Tuning in to Hunger – I can not stress how important it is to eat when you feel hungry. Proper nutrition for marathon training requires eating substantial amounts of food to help your body recover from long and hard runs and workouts.
The more running you do, it’s safe to assume the more food you need to eat. Think of food as energy and that’s what will help you perform and recover your best.
Hunger is an ask from your body. Rather than ignoring it, listen to it and honor it.
Trouble Sleeping – Trouble sleeping can be a sign of overtraining and/or undereating so it’s important to take this into context with some of the other signs that may be present.
Practicing good sleep hygiene is a great thing to do regardless. Things like including blue light blocking glasses when looking at phones, screens or tv’s, doing some journaling or meditation before bed, sticking to a consistent sleep and wake schedule and only using the bed for sex and sleep are great places to start to initiate a solid sleep routine.
The Nail Your Nutrition podcast also has a whole episode with sleep researcher, Amy Bender, for more great tips on the benefits of sleep for athletes.
Loss of Menstruation – For those who identify as women, the loss of menstruation can indicate the body is in an energy deficient state. Think of it this way: menstruation is not an essential function for the body to work. It is very important but the body puts it on hold to prioritize other things when energy is low.
Things like the heart beating, lungs pumping oxygen, making red blood cells and more. Therefore, a sudden loss of inconsistent menstrual cycles may warrant further inspection.
Altered Lab Work – How are iron stores? Iron stores can be low in runners, especially women. This is something to consult with your doctor and/or Registered Dietitian about.
Altered Mood and Cognition – You may not initially attribute an altered mood or mood swings to undereating, but it is definitely a symptom. As discussed in this paper on Relative Energy Deficiency in Sport, there is a huge psychological part that comes into play with undereating.
Whether it’s brain fog, decreased concentration, altered cognition, depression, and/or mood swings, these things can be symptoms of overtraining, undereating or both. This would be another thing to take into context with other symptoms and lifestyle factors.
4. Stay Hydrated
Obviously, staying hydrated is important for overall health, but it’s also going to help with your training. Understanding the importance of hydration for running and electrolyte balance is critical. While you don’t need to know all of the in’s and out’s, knowing how much to take in will help you.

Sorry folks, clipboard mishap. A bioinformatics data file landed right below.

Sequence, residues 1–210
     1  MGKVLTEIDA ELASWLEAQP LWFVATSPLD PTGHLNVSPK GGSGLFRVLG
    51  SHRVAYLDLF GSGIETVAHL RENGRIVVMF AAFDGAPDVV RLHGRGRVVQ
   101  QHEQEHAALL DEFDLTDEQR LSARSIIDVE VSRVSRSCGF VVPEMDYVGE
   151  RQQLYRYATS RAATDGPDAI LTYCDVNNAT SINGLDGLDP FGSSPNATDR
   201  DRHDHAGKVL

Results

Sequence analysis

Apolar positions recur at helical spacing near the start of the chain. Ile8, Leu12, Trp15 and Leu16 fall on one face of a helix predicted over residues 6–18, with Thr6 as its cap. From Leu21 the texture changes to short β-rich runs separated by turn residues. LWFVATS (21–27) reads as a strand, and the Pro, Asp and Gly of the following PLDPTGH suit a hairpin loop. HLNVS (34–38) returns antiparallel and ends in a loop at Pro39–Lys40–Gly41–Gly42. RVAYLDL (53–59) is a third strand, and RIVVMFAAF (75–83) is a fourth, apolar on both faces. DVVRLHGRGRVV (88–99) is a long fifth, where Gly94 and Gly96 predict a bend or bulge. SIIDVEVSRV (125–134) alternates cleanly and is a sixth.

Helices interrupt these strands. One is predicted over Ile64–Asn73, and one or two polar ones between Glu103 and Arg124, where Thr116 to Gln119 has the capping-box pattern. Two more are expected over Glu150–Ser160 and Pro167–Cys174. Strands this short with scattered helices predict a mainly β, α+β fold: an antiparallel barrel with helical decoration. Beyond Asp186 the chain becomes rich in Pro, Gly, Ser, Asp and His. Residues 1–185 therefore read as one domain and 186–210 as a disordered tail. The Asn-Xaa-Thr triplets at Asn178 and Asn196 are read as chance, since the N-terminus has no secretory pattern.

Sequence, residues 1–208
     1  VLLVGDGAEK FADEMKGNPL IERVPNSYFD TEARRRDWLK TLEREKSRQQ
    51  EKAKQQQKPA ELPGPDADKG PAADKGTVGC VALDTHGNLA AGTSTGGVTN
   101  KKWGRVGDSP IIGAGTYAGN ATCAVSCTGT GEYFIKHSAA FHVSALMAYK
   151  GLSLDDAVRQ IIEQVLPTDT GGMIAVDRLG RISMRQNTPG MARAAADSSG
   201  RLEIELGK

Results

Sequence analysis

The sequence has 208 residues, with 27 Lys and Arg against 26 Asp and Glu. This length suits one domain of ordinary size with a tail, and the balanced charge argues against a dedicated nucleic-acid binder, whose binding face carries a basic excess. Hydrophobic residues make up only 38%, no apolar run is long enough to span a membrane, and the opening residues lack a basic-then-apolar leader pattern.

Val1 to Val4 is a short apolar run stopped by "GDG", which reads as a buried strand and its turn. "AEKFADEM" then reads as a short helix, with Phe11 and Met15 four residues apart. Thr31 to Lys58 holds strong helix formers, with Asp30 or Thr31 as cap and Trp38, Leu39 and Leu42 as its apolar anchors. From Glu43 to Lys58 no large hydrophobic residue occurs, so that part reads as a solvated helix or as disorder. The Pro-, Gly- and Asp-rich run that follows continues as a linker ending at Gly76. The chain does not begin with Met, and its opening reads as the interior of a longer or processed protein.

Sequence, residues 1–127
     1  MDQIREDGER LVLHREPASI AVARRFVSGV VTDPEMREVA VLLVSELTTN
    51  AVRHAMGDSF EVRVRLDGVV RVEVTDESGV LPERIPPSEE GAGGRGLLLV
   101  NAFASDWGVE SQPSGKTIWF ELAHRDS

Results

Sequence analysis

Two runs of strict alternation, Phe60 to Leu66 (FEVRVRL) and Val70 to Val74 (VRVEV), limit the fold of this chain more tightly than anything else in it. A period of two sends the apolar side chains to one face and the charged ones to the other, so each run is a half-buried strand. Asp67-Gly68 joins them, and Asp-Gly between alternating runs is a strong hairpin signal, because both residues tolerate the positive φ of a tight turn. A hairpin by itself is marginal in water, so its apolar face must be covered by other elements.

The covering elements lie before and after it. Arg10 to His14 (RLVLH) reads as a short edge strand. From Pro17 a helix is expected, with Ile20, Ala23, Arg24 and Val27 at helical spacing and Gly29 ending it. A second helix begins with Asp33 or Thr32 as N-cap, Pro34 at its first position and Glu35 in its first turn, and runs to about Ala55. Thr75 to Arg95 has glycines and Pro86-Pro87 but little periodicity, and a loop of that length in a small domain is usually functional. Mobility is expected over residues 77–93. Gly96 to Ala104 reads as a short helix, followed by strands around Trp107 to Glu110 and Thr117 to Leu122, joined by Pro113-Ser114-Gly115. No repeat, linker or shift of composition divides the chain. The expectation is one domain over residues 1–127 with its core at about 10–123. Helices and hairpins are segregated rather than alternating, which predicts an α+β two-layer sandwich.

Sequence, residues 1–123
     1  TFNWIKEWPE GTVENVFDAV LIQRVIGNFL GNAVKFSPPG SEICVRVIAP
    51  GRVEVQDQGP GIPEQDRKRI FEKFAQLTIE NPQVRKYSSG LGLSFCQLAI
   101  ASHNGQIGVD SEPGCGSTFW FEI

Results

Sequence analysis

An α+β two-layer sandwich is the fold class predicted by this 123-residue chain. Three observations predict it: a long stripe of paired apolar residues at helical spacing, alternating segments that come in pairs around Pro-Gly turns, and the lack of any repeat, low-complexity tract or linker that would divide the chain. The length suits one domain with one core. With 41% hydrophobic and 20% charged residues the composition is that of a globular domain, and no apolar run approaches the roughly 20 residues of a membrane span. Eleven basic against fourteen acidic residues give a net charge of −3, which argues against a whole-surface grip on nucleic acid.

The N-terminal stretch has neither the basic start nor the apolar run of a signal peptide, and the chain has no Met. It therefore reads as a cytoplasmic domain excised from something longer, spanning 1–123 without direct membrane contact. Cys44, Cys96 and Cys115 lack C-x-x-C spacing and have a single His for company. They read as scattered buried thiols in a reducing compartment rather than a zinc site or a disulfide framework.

We have a whole module on hydration and electrolytes in the Nail Your Nutrition course. Knowing your sweat rate, how much to take in before, during and after a run, and how to incorporate electrolytes into your training plan will help you succeed.
Hydration strategies for the marathon can be complicated but important to avoid hyponatremia or hypernatremia. There are devastating consequences to both under- and over-hydrating.
Your hydration and nutrition plan for a marathon should be practiced religiously in long runs and top of mind during regular runs, too. Having a hydration pack or hydration belt is a great bet to ensuring you stay hydrated.
Some of my favorite hydration and electrolyte mixes include:
5. Practice, Practice and Practice More
Don’t take the idea of practicing your nutrition plan for your marathon for granted. It’s so important to practice it several times, several weeks or months before hand.
Why is this important? The gut is trainable. Training your gut just takes time and practice, and perhaps understanding what is aggravating your symptoms in the first place.
For example, not going into a run dehydrated and trying different sources of carbohydrates (glucose, fructose) and forms of carbohydrates (gels, energy chews, blocks, all-in-one liquids, real food) can make a big difference.
Also, understanding that a faster pace and heat can aggravate symptoms as well, so taking all of that into consideration. Minimizing fiber before a long run or race, or even trying a modified low fod-map diet may all be helpful things.
Knowledge is power, and this is where working 1-1 with a professional can be super helpful. in a hetherhttps://nutritionforrunning.com/is-pasta-good-for-runners/